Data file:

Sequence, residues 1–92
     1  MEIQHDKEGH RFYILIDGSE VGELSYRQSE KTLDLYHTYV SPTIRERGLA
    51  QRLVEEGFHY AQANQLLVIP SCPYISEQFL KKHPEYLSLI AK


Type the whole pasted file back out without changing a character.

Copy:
Sequence, residues 1–92
     1  MEIQHDKEGH RFYILIDGSE VGELSYRQSE KTLDLYHTYV SPTIRERGLA
    51  QRLVEEGFHY AQANQLLVIP SCPYISEQFL KKHPEYLSLI AK